As if it wasn't enough that there was no power to the ship, explosions were wracking its interior, and the dead and dying were lying on the decks, the engine of the GRANT cut out right when the ship was at point-blank range to the Japanese Fleet. The GRANT was now in the direct line of fire between the two fleets, and was repeatedly raked by gunfire from both sides, suffering 22 major hits, many by 6-inch shells. The GRANT was down by the head, listing heavily to port, and was in serious danger of coming apart at the seams. Then, as suddenly as the attack started, all firing ceased. In the quiet that followed, heroes were born by the score. A gunner's mate dove down into the dark, flooding depths of the ship to retrieve unexploded shells and heave them overboard. An engineer dove underwater into flooded bilges to close seacocks that were allowing water to flood in. Others stuffed mattresses into shell holes below the waterline and rigged emergency patches. An assistant engineering officer ran through scalding steam below deck to secure steam lines and fuel valves.
Dawn saw the GRANT still afloat with enemy planes circling overhead safe from guns that wouldn't work. The crew rigged emergency power lines and the GRANT slowly regained the power to fight back. Finally, the engines were patched up so that power could be restored and the ship slowly backed out of the line of fire into the safety of the US Fleet.
Even though she took several major hits during the battle, the GRANT threw out shells at the Japanese Fleet by the thousands. Even though she was in danger of sinking, she continued fighting and was still directly involved in assisting 2 Japanese battlewagons, 4 cruisers, and 10 other ships to the bottom of the Surigao Strait. After the battle, the GRANT was taken in tow, but before reaching the safety of a friendly port, she still had to face one more trial by weathering a typhoon. Following temporary repairs, the GRANT was towed to Mare Island, California, where she underwent major repairs.
Wounded during the attack were 104 crewmen with 38 men killed, among them machinist Warren M. McElroy and Machinist's Mate 1st Class Clyde A. Cairns. The crewmembers of the GRANT had triumphed over their adversity, unknowingly behaving exactly the way the motto of the Clan of their ship's namesake, Vice-Admiral Albert Grant, exhorted them to do….STAND FAST!! The crew was steadfast and unwavering in their task and finally came out on top. While the GRANT was undergoing repairs, the crew put together a newsletter, called "The Deck Ape Gazette". They recounted all of the horrors and triumphs of their battles in the Pacific. It was clear to see their intense pride in what they had done and why they were doing it. They had great admiration for the men who had fought the good fight, and knew and loved each other as brothers. Men such as:
· 1st Lt. Crissy - "A humanitarian devoted to duty. Expecting the best of you, ignoring the worst. Good to have with you and bad to have against you".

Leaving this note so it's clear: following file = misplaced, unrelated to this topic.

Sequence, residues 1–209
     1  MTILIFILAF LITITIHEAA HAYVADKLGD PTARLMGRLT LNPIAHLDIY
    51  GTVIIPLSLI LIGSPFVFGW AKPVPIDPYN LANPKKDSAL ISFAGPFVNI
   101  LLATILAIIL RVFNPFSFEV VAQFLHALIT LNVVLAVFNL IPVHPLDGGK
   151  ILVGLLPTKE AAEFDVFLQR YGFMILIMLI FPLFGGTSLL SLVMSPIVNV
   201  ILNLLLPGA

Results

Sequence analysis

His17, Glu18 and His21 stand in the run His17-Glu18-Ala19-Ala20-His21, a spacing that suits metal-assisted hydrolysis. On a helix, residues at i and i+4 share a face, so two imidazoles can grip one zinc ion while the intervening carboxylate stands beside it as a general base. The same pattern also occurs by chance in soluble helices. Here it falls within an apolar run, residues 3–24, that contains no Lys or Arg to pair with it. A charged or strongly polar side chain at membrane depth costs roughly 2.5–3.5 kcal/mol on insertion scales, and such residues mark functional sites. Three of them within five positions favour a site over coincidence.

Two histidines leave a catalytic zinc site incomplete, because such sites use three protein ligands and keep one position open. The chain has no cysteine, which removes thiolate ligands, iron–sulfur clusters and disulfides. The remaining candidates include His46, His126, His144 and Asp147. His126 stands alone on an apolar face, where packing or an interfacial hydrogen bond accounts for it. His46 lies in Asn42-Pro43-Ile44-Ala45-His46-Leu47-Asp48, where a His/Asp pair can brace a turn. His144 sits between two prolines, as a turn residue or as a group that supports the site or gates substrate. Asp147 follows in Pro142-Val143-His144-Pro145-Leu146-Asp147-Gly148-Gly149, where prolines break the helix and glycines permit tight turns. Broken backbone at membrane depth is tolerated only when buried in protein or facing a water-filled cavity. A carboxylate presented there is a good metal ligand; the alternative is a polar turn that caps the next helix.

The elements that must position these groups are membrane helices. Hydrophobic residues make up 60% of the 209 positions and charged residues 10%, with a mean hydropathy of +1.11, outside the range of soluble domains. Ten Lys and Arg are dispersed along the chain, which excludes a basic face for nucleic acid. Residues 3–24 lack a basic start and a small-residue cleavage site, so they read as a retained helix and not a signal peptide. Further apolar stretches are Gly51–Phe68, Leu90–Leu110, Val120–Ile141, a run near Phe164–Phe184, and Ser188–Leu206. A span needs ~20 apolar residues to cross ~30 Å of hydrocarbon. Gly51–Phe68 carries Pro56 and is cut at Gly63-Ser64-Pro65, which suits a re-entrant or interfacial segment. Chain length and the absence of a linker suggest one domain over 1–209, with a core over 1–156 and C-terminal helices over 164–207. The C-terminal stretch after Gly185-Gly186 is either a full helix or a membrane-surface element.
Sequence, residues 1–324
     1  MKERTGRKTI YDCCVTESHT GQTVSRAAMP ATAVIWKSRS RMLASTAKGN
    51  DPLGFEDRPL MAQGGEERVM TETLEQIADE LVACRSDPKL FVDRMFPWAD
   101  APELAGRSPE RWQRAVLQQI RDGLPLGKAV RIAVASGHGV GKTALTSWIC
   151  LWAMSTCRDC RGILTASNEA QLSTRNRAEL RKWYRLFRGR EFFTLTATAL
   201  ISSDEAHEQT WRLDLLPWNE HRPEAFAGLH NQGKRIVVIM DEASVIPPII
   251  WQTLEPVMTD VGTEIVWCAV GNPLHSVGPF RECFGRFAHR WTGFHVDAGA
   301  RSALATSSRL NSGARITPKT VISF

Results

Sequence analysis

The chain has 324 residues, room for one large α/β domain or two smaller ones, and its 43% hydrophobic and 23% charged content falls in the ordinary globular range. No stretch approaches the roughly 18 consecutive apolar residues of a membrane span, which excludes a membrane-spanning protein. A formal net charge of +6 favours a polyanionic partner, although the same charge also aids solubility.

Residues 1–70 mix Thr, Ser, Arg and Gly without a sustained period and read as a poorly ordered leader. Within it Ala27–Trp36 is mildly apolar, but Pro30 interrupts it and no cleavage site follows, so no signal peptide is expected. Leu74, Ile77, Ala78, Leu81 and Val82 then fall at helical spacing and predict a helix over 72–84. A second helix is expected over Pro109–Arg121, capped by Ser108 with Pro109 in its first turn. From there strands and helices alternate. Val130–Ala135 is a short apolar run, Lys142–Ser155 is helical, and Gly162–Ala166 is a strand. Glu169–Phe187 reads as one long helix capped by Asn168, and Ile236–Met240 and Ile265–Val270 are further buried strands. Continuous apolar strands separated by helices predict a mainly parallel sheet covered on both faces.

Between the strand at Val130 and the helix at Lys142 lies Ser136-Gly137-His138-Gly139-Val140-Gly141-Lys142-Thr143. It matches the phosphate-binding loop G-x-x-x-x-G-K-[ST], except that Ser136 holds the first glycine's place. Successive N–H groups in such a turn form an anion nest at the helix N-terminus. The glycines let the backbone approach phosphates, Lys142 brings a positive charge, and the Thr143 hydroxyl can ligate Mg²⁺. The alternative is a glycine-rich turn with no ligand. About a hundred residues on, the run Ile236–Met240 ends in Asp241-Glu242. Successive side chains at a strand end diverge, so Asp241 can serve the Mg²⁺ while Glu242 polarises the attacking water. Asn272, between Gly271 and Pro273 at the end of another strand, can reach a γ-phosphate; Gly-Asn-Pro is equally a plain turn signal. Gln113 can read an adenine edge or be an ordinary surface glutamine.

· Vuksta - "Conscientious, hard-working, reliable, came aboard as a second class, and never looked back".
· Pratt - "Quiet, a gentleman, exacting obedience and respect. Has piled up an amazing amount of man-hours mooning over probable future love affairs.
· Ball - "A Second Division Simon Legree, hard worker, conscientious, serious disciplinarian, but fair. Entrances crews by interposing notes from Beethoven's Moonlight Sonata into his efforts to pipe chow down".
In spite of all their pride for what they went through and the manner in which they conducted themselves, they mourned their dead in a memorial to their fallen crewmates: "They did not ask to die, nor did they want to die, but all of them knew they were going to die and they were brave. Some died with a smile on their face, some with a prayer on their lips, some bid a last farewell to shipmates close by. But all of them were brave. We know because we were with them. Let it be known to all of you now, who are not members of our crew, that we miss them, we will remember them; for what they were, for what they did, and for what they are".
John Pratt, Sr.
Boatswain's Mate 1st Class
Even after all of the devastation, the GRANT and the remainder of its original crew continued active service for the war effort. On 23 April 1945, the ship sailed for the Phillippines to join the General Douglas MacArthur Tour, currently in the process of securing the Phillippines from the Japanese. While with the tour, the GRANT sailed southwest to Brunei Bay in Borneo to cover the June 10 assault on Brunei Bay. Rejoining the MacArthur tour, the GRANT continued operations from Manila Bay until mid July, when she traveled to the North Pacific for a tour of duty in Adak, Alaska. On the day before her arrival in Alaska, the crew received word of the Japanese surrender on August 15 and set sail for Ominato on Honshu, Japan, arriving there on the 10th of September.
The GRANT remained on occupation duty in Japan until mid-November when it went to the shipyards in Seattle, Washington for overhaul. On 16 July 1946, the GRANT was placed out of commission on reserve in San Diego, receiving seven battle stars for its World War II service. On 14 April 1971, the GRANT met a quiet end to its honorable history when its name was struck from the Navy list and the ship was sold for scrapping.
Although most of us reading this article are proud citizens of the United States, there is something special in who we are and what we have done that causes our hearts to stir. Our Scottish ancestors brought to this land a determined, fiery, defiant Scottish blood and spirit that infused the people of this country with the same determination and defiance, helping to shape the developing nation that we call the United States. This same blood rises up again and again during times of crisis and rough times, saying "Never quit, never say die". The GRANT and her crew had that same fiery defiance so characteristic of many of our country. Although crippled in action, they still sent many a Japanese ship to the ocean floor. They had to fight on through the night to keep their ship from sinking, but there was something in their hearts that said, "Never say quit. Never say die…STAND FAST!!!"